Friday, September 3, 2010

The enthusiasm gap

Steve Benen ponders it:

If you're reading this blog, you're probably significantly more engaged than the typical voter, so other examples -- Robert Gibbs' comments about the "professional left," the defeat of the public option, annoyance with Rahm Emanuel in general, frustration on judicial nominees, the administration's disappointing record on civil liberties in the context of national security -- likely come to mind to explain progressive disillusionment. But like Adam, I suspect these developments are noticed in far more detail among actively engaged voters, and occur under the radar of folks in general, most of whom don't keep up on current events at the granular level.

Of course, if Adam's assessment is correct, and I think it is, then there's just not much to be done between now and November. Major liberal initiatives are highly unlikely to be approved over the next 59 days, and the economy almost certainly won't see dramatic improvements. A party goes into an election season with the broader circumstances it has, not the broader circumstances it wants or wishes to have at a later time.

But there's one aspect of this that I struggle to wrap my head around. In campaign politics, there's always been one major drawback to playing exclusively to the base, and it has nothing to do with alienating the "middle." It's the risk of a backlash from the other side. If Republicans, for example, cater exclusively to the desires of right-wing lunatics, rank-and-file Democratic voters will see this and think, "Hey, I'm starting to feel more motivated all the time...." At least, that's the theory.

I really wish I knew the answer to that last one. And I'll agree that the Emanuelesque disdain for liberals is certainly coming through from, well, Rahm Emanuel. But what about the effect of almost all the major progressive outlets--DKos, HuffPo, the MSNBC crew--never missing a chance to dump all over Obama? Look, I think that this has been really stupid on all sides. The White House could have given these outlets a few interviews to these guys here and there, made them feel like part of the team, and that would probably have gone a long way to keeping everything going smoothly. How hard would that be? Not hard, I'm guessing. Not being listened to makes people angry. But ultimately you'd think the people who worked the hardest to get Bush out would want to actually see things get done and reap the rewards of their labor. That hasn't really happened, though, and at times it's seemed as if many of these people don't care what actually happens, so long as the right doesn't win, which has led to numerous symbolic fights that accomplished little. And now you have Arianna stuffing all sorts of passive-aggressive Obama snipes into a little post about the White House redecoration when her main page is almost a comic example of their Obama Insufficiency Syndrome. It's almost as if they can't help themselves.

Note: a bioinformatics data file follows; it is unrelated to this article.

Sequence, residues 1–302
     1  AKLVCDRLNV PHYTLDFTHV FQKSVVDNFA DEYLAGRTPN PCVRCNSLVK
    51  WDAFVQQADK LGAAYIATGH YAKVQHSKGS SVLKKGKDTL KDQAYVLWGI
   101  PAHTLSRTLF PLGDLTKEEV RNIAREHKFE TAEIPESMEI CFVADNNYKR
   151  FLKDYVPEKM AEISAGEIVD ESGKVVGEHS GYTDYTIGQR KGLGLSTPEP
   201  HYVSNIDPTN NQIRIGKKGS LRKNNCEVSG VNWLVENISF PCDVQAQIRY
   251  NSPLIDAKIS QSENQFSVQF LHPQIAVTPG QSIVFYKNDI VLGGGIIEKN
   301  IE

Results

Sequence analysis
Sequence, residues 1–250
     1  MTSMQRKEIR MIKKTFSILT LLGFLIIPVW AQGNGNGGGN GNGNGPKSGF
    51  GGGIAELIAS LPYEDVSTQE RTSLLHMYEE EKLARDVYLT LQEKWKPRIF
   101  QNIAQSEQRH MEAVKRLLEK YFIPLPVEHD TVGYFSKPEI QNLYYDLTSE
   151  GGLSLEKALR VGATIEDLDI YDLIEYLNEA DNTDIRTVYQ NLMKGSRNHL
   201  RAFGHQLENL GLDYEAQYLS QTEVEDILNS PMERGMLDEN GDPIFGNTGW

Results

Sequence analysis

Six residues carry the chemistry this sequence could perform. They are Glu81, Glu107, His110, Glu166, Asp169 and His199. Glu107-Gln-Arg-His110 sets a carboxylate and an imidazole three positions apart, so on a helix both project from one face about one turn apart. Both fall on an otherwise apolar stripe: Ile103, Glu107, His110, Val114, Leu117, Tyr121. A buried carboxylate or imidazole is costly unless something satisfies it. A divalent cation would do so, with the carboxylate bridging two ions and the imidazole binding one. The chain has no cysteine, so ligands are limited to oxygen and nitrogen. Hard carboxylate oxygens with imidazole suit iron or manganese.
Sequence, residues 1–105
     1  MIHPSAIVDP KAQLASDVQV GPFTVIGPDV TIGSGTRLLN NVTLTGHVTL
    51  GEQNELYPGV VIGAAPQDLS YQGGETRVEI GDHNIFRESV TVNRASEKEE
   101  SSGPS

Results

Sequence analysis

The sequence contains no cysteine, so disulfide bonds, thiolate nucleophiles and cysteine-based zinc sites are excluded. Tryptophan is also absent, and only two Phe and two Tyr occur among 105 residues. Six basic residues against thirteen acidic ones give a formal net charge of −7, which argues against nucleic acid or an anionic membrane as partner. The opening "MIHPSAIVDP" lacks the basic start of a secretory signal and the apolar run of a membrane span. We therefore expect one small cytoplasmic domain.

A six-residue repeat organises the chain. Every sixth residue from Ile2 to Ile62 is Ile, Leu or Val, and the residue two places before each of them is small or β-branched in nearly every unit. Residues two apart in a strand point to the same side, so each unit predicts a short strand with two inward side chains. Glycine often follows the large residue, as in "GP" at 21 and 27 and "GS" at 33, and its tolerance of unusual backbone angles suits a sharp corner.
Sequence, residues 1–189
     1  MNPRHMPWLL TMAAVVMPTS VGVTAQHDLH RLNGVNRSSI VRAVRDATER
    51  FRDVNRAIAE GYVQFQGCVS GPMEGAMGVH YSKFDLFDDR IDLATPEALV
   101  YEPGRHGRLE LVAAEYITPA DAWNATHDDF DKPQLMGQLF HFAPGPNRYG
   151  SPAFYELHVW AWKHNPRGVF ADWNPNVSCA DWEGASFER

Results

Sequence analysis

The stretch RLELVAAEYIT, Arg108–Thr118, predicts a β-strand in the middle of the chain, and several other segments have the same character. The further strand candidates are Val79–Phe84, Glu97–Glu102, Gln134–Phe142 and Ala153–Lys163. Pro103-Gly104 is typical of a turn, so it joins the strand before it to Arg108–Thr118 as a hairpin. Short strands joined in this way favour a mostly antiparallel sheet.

And here's the thing: I don't agree with everything Obama has done. I really don't. On many matters I'd probably agree with, say, a Glenn Greenwald. If I were Obama I'd have done things plenty differently (such as pushing EFCA through back when there were 60 votes for it, for one), but I'm not him, so I try my best to understand what he's doing and support him when I can. But by not giving way to reality on, I don't know, the public option fight or even assuming the administration's good faith on financial regulatory reform, these outlets have set up a dynamic where the White House feels they need to do battle against the "professional left" to get anything done instead of working with them, and it just mutes the effectiveness of criticism from the left when it matters most. That Gibbs quote annoyed me (isn't it his job not to say stupid things?), but the thing that angered people the most was that he was basically right, and it's hypocritical for the likes of Kos to say that they are trying to apply aggressive pressure to Obama from the left on nearly every issue and then complain that the Administration feels they need to work against them. There's a cognitive disconnect in there that I find inscrutable. Not to mention that that whole "we're shifting the Overton Window" idea appears to be bad for business and demoralizing to readers. But I'm sure it generates interest from the mainstream press! I hear they just love conflict stories.

Now, as always, top progressives need to get over themselves. Might not do much in the short term, but for next time...

The Man, The Myth, The Bio

East Bay, California, United States
Problem: I have lots of opinions on politics and culture that I need to vent. If I do not do this I will wind up muttering to myself, and that's only like one or two steps away from being a hobo. Solution: I write two blogs. A political blog that has some evident sympathies (pro-Obama, mostly liberal though I dissent on some issues, like guns and trade) and a culture blog that does, well, cultural essays in a more long-form manner. My particular thing is taking overrated things (movies, mostly, but other things too) down a peg and putting underrated things up a peg. I'm sort of the court of last resort, and I tend to focus on more obscure cultural phenomena.